...is not entirely barrier free. In Hinduism, levels and stairs are an important part of the philosophy surrounding a temple. However, also for visitors with disabilities is it possible to explore the many sides of Bali. We bring you there!
Have a look also at our information about accessibility in Bali.
Bali is known as the island of the Gods. Hinduism is alive in everyday life and one encounters ceremonies and offers to the Gods at every turn. The countryside of mountains, terraced rice paddies and forests is covered with temples of every size. Famous for the white sandy beaches in the touristic south, the centre of Bali is dominated by volcanoes, led by the Mount Agung, the Great Mountain, and magnificent lakes in green valleys. Traditional arts and crafts include wild ritual dances, gamelan music, wood carvings and paintings.
The Pura Lempuyang Luhur, one of Bali’s most important temples, spectacularly set into the slopes of Lempuyang mountain, view full view onto great Mount Agung.
Famous Tanah Lot sits on an offshore rock in the ocean, offering spectacular views, especially, but not only, at sunsets.
Pura Taman Ayun, the ‘temple of the beautiful garden’ features traditional architecture with Chinese inspiration.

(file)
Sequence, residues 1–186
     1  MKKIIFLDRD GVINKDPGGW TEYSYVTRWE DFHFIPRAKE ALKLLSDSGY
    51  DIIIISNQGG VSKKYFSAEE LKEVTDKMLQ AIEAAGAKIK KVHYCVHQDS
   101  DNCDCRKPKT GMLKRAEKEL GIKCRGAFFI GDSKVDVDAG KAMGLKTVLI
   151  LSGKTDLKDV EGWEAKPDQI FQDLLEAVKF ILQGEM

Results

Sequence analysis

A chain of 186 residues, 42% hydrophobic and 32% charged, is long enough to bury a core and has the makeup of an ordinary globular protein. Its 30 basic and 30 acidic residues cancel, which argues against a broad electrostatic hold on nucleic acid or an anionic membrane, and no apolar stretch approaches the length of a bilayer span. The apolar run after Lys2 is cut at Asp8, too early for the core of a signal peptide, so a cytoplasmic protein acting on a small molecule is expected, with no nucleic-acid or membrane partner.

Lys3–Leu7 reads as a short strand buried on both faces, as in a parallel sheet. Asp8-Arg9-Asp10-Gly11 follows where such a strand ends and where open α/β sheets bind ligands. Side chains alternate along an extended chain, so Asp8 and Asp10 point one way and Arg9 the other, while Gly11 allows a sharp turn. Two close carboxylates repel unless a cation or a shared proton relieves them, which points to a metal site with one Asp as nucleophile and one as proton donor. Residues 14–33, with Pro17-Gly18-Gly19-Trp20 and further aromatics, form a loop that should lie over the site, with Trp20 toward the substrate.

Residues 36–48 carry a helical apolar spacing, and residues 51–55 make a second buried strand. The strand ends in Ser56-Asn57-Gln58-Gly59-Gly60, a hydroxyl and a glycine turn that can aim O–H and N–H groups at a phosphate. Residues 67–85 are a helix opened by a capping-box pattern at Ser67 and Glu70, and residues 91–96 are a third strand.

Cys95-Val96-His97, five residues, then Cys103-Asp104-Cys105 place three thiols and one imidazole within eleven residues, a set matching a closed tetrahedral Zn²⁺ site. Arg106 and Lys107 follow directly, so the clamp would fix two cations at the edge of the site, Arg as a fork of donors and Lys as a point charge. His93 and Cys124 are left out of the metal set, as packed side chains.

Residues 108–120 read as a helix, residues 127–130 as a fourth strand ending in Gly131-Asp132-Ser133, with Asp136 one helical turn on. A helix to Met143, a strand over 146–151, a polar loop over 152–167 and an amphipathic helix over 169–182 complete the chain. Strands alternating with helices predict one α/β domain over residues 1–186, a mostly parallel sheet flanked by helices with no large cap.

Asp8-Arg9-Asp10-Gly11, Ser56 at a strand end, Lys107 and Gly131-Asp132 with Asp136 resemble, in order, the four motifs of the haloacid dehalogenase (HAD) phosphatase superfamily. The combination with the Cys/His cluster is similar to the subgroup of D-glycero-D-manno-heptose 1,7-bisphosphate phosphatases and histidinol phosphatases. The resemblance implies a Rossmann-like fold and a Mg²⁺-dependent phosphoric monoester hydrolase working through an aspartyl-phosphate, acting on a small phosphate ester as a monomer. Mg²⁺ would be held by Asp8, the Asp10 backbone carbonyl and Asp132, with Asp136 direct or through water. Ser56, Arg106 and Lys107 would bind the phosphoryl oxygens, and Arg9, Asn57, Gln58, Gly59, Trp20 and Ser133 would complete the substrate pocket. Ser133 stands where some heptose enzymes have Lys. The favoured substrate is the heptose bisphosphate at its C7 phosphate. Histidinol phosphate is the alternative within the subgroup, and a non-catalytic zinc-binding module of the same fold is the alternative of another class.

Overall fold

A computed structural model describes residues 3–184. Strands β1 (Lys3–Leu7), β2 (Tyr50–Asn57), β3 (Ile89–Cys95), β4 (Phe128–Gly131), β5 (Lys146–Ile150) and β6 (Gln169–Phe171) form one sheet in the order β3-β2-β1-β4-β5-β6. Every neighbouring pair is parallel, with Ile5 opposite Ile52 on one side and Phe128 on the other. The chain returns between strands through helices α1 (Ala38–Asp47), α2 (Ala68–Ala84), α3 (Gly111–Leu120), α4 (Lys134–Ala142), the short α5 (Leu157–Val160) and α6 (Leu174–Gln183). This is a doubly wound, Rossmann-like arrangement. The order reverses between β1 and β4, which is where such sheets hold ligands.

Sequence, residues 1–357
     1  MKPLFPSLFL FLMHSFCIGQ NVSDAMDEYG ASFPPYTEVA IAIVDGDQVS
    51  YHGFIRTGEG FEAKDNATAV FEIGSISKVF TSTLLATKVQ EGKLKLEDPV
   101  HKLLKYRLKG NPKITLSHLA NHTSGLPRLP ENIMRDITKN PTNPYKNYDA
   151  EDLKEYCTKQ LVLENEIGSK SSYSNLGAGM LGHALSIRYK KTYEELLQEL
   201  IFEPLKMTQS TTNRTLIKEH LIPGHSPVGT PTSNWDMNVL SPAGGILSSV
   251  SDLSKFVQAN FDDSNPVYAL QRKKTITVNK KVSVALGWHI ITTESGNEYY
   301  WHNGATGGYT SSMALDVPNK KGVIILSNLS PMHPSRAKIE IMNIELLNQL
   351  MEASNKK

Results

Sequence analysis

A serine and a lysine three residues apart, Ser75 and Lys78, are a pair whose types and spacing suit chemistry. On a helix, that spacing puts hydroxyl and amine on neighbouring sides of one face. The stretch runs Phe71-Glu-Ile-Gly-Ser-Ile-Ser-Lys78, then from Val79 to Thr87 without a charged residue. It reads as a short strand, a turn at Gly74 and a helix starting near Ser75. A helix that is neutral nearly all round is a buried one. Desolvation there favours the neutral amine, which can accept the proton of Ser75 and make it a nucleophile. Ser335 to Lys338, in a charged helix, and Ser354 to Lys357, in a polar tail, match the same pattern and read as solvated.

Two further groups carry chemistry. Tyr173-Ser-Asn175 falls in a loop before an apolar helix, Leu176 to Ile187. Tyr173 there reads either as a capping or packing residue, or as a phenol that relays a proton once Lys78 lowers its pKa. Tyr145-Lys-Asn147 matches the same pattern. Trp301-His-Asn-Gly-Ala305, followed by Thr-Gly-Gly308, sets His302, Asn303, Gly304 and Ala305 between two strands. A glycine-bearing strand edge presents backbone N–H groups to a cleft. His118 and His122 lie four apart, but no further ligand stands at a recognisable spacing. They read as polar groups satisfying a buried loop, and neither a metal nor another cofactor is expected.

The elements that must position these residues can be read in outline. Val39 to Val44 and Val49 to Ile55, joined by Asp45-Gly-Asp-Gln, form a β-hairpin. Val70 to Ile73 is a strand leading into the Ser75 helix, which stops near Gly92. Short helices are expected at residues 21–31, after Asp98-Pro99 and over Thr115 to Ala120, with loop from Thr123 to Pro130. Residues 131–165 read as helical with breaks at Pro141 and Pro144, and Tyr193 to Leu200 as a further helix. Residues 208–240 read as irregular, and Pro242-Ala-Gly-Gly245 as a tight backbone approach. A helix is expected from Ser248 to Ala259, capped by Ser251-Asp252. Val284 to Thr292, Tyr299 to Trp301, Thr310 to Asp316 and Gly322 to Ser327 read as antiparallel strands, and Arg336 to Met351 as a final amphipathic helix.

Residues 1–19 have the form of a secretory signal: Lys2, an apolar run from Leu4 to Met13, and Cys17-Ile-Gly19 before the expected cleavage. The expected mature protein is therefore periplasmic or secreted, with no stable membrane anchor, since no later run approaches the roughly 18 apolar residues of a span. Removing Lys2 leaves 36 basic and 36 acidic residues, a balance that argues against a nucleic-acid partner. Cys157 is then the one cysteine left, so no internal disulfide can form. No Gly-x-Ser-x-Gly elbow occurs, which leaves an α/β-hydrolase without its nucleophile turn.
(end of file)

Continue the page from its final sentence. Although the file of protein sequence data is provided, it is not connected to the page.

Goa Lawah temple with thousands of bats is allegedly connected to Besakih, mother temple in the mountains, by a tunnel.
The village Tenganan of the indigenous Bali Aga people follows strict rules for life to maintain their bodily and spiritual integrity.
The Uluwatu temple hangs over the Indian Ocean at the very tip of Nusa Dua, the peninsula in the south of Bali.
The water temple Tirta Empul is built at a holy spring. Its ancient bathing pool is still well used. Big koi fish swim around.
Besakih, the ‘Mother temple’, is the most important, largest and holiest temple of Hindu religion in Bali, built on sacred Mount Agung.
Dance and music are defining elements of Balinese life and culture.
Bali’s biggest Buddhist temple and monastery, Brahmavihara Arama Budha Banjar, is located in the hills above Lovina in northern Bali.
Ulun Danu Beratan temple is beautifully located at the shores of Lake Beratan in central Bali, 1200 meter above sea-level.
The Sangeh Monkey Forest with its giant nutmeg trees surrounding a mysterious temple is inhabited by several clans of friendly monkeys.
The Jatiluwih valleys and hills are covered with rice terraces cultivated with the traditional Subak system, an UNESCO world heritage site.